To the casual observer, the Hive (formally The Rick and Susan Sontag Center for Collaborative Creativity) is a fun place on campus to make buttons and posters or attend classes on sewing and printmaking. But it’s also an active complex where students in various programs and academic classes seek to solve real-world problems both locally and globally using principles of human-centered design, a problem-solving technique that focuses on the needs of users.
The Hive’s Summer Design Fellowship Program is one of many avenues for students at the Claremont Colleges to apply methods of human-centered design. The Vietnam Health Design Program was one of those summer ventures, and last month students and staff who were part of that program saw their work come to fruition through a book launch in Vietnam that was covered by Vietnamese national media.
The book, Herbal Recipes for Health Improvement, is a compilation of herbal remedies created by women in northern Vietnam and curated by Claremont Colleges students. In this “collective piece of living history, women share sustainable health knowledge passed down from mothers and grandmothers,” says Shannon Randolph, director of global social impact at the Hive.
Phase 1: Inspiration
The first step in human-centered design involves empathetic listening to understand peoples’ needs.
Randolph, who holds a Ph.D. in anthropology, traveled to Vietnam in 2017 to help the non-profit organization Animals Asia explore people’s attitudes towards using bear bile as medicine to treat joint pain, inflammation and gallstones.
“Bear bile farming poses a humane treatment issue as well as a conservation issue because bears are continuously captured from the wild, so the practice is depleting the bear population,” Randolph says. “There are also human health issues of contaminated bile causing people to get sick.”
In the summer of 2018, Randolph returned to Vietnam with a team of students from the Claremont Colleges, including Laura Zhang ’19, with the goals of understanding community behavior and identifying factors that influence people to make different health-related decisions.
The team worked closely with Animals Asia and hired local Vietnamese research assistants who collaborated with the Claremont students. Together they collected data, conducted surveys and interviews, and made observations.
“The program taught me the power of understanding different value systems,” says Zhang. “It showed me how much time it takes to deeply consider the myriad factors that drive human behavior and how much constant, conscious effort is needed to minimize one’s own biases and see the world through another’s eyes.”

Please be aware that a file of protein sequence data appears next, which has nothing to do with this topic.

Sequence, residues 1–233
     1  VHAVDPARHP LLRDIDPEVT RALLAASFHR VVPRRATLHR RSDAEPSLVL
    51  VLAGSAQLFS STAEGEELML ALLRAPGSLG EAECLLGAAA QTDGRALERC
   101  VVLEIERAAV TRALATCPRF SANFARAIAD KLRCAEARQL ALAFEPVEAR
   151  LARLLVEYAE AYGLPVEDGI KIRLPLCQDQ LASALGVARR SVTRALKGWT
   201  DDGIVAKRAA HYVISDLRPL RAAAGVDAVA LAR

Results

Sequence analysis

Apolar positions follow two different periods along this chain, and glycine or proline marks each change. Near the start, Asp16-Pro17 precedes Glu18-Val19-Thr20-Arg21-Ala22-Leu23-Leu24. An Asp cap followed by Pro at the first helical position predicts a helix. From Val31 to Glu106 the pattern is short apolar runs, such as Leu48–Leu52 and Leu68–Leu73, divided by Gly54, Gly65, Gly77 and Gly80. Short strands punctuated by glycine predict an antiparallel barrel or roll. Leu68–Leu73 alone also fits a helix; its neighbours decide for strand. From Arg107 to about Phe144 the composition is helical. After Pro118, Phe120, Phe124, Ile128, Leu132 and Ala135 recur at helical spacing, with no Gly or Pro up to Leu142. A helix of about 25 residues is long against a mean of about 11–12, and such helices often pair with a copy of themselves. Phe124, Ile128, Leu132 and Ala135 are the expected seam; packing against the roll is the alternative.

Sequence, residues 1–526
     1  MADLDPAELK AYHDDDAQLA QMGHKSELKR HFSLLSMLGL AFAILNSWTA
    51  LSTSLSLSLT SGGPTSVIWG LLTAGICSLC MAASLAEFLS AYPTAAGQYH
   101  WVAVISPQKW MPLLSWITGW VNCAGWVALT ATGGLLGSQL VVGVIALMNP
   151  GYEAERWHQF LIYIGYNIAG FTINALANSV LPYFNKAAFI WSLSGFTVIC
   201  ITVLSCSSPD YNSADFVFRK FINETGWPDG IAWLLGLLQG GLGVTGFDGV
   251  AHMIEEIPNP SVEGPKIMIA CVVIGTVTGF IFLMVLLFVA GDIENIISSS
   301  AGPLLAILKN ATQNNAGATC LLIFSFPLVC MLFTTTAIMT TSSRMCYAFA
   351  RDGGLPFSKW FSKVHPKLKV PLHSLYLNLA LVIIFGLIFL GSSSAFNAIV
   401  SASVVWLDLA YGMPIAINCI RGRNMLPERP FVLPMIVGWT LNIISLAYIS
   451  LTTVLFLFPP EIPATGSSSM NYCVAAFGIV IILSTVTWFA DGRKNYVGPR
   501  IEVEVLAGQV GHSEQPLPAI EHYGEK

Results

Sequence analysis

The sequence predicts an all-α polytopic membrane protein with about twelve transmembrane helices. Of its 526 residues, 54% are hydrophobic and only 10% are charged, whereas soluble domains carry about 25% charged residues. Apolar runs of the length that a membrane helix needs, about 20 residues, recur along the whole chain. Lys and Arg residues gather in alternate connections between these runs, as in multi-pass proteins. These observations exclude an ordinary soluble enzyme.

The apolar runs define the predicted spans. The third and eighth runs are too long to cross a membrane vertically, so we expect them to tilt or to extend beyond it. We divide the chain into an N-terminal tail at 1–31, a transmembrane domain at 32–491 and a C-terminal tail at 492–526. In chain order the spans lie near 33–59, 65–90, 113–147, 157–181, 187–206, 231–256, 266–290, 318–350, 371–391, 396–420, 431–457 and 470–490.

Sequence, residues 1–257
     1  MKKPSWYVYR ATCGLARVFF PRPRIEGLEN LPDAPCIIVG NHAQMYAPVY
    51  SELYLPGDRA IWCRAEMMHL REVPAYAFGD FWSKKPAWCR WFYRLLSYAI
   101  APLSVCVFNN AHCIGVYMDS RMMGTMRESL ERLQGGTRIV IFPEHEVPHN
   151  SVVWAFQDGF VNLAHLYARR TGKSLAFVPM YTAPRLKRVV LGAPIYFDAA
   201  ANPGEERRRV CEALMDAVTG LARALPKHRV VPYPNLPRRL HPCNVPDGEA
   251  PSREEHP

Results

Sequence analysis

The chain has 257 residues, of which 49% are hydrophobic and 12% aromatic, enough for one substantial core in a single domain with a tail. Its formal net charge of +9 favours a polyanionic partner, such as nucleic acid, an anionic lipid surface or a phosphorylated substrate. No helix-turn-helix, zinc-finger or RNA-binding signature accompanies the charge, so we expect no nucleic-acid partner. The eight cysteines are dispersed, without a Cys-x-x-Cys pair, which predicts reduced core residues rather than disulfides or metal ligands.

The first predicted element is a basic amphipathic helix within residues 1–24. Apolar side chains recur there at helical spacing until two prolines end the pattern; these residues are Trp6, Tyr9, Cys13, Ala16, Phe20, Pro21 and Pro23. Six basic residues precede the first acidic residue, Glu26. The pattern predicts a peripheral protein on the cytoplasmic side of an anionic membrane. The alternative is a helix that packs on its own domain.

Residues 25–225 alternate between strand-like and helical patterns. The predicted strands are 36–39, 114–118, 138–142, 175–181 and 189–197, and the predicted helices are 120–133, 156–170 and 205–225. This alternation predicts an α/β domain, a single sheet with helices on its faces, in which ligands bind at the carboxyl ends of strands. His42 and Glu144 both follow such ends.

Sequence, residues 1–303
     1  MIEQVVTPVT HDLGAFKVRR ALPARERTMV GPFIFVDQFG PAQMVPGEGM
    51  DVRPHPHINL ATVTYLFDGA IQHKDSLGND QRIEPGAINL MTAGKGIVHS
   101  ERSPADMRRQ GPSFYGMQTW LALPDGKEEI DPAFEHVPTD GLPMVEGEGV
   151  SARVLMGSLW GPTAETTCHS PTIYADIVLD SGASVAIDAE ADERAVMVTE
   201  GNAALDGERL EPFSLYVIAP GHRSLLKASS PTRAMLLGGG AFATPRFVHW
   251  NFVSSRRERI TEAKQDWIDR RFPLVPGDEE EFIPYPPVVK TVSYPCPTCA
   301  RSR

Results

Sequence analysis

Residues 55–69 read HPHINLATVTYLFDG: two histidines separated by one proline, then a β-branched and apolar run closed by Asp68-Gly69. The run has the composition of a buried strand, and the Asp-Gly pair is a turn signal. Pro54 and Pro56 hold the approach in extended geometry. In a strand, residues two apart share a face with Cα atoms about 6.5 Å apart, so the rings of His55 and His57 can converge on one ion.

Phase 2: Ideation
This step in human-centered design involves brainstorming ideas based on information gathered and building readily adjustable prototypes.
The team decided to focus on elderly women in the village because, as matriarchs, they are responsible for caretaking and often influence health choices in their families. From there, the team observed that women tend to share knowledge among their peers. “Informal knowledge is very valuable,” says Randolph.
Out of their research, they decided to publish an herbal recipe book and to host women’s health circles where women can informally commune with each other and share knowledge. The goals of the two undertakings include connecting women as health experts and encouraging the use of traditional herbal alternatives to animal parts medicine.
The herbs used in the recipes are easily found in many household gardens. The solution is “community-led,” “sustainable” and can “integrate into their day-to-day lives,” says Zhang.
Phase 3: Implementation
The Hive team collected dozens of recipes that the Vietnamese women wanted to share with one another. They went through an organic process of coalescing the recipes in collaboration with the women. They then took those recipes to the Traditional Medical Association of Vietnam and worked with them to ensure their efficacy and safety.
“It was a multi-step process,” says Randolph, adding that taking photographs of the plant medicines and designing the book stretched over many months.
With COVID-19 restrictions, the book launch was delayed for a couple years, but the event finally happened in October, with six Vietnamese media outlets present, as well as representatives from UNICEF and the German Agency for International Cooperation.
Randolph traveled to the launch to represent the contributions of Claremont students.
“It was wonderful to return to Vietnam after four years to celebrate the work of so many students culminating in this book and to uplift Vietnamese women’s knowledge in the realm of sustainable medicine,” says Randolph.